Civil service unions fight cop pay move

Local | Charlotte Luo 13 Dec 2019

Charlotte Luo

Civil service unions have hit out at a proposal by pan-democratic lawmakers to exclude the police from the government funding request for an annual pay rise for public servants, saying it sets a dangerous precedent.

The Hong Kong Senior Government Officers Association, Government Employees Association, and Model Scale 1 Staff Consultative Council (Staff Side) wrote separately to the finance committee ahead of its meeting today.

In a joint letter issued last week, pan-democratic lawmakers and more than 300 newly elected district councilors proposed splitting funding requests for the two groups and freezing pay rises for police officers.

They said the police have become "hit men" for the political regime and pointed to public discontent over the police handling of ongoing protests.

The Model Scale 1 Staff Consultative Council (Staff Side) said the pay adjustment for civil servants follows certain mechanisms and cannot exclude any department.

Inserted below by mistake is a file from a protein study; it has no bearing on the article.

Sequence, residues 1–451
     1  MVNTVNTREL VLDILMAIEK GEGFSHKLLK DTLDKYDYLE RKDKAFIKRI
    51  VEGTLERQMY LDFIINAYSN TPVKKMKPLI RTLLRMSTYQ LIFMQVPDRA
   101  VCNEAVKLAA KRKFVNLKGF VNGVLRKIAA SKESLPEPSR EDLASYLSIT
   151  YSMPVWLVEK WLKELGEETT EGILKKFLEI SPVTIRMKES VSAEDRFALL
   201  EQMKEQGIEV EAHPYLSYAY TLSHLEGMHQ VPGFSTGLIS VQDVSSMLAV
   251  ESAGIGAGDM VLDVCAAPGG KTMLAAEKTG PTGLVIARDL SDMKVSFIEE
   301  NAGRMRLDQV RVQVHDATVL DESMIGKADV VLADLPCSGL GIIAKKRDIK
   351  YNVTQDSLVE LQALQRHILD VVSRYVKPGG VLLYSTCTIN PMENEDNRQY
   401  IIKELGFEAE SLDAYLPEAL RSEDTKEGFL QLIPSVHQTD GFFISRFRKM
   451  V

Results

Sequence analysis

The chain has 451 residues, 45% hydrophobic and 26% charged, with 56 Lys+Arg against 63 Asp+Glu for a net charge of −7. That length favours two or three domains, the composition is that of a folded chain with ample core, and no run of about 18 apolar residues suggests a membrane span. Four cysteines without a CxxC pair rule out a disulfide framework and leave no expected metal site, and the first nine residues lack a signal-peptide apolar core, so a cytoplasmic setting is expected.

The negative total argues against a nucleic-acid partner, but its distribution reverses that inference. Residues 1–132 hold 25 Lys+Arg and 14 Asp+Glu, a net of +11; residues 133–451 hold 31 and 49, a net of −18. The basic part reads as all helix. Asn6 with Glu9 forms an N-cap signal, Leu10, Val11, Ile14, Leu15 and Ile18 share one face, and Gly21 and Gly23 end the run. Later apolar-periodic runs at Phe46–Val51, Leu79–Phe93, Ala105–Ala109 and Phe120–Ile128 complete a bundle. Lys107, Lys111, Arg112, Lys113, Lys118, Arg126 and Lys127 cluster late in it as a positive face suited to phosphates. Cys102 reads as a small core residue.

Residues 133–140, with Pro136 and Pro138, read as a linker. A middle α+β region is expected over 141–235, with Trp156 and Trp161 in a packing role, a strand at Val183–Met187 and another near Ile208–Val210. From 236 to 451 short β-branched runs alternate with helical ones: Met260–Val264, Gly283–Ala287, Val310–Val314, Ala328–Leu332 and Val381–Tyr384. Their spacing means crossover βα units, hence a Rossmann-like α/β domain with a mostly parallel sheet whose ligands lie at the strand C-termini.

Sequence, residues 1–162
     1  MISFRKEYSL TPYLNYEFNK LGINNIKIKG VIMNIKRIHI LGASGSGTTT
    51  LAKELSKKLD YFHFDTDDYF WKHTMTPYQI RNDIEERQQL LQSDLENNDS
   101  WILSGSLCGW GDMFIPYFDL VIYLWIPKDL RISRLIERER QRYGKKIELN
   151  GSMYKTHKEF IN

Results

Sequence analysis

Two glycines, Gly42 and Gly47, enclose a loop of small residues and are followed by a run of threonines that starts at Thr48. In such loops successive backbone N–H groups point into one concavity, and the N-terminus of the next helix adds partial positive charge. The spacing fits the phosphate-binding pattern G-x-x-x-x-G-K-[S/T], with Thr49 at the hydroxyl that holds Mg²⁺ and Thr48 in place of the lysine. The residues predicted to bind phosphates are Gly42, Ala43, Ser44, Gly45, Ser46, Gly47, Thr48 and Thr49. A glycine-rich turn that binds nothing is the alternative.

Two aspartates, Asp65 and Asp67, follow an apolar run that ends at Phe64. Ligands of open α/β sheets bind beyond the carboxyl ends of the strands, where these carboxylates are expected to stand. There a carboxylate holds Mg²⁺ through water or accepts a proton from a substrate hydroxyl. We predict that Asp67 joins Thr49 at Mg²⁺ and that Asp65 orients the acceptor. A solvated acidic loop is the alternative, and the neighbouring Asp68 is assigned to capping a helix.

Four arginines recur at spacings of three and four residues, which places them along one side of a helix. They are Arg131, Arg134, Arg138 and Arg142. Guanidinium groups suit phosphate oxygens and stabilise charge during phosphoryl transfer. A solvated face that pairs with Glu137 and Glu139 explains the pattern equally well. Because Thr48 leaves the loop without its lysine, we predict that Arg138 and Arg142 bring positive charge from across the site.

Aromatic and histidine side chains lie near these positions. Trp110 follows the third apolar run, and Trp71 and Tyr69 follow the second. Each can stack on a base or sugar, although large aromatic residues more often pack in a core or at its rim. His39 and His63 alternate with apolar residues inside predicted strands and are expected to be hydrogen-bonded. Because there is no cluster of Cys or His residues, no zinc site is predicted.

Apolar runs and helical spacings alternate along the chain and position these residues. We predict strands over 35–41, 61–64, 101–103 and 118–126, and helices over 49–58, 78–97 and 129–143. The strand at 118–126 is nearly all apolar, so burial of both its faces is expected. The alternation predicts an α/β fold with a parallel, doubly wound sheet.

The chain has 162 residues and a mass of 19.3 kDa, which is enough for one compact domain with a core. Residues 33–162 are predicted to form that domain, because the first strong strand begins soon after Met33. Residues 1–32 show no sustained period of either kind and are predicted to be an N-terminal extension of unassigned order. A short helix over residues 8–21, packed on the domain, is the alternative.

The Hong Kong Senior Government Officers Association said the pay adjustment mechanism is based on six factors, including net pay trend indicators, the economy, the government's financial situation and public servants' morale.

"It does not include any consideration over the performance of individual department or staff," it said.

The Government Employees Association said it hoped the pay adjustment would not be "politicized" or delayed.

It said civil servants are no different from other employees who want pay adjustment to meet inflation and life changes.

"We believe if members of the public have discontent toward the government department or public servants, they should express it through established channels."

It also said police officers are part of the civil service and should not be excluded from the funding request, adding there is no precedent for it.

In June, the chief executive-in-council decided to give pay rises of 4.75 percent to senior civil servants, and 5.26 percent to those in lower and middle salary bands.

However, Legco closed early for the summer recess following vandalism by protesters on July 1.

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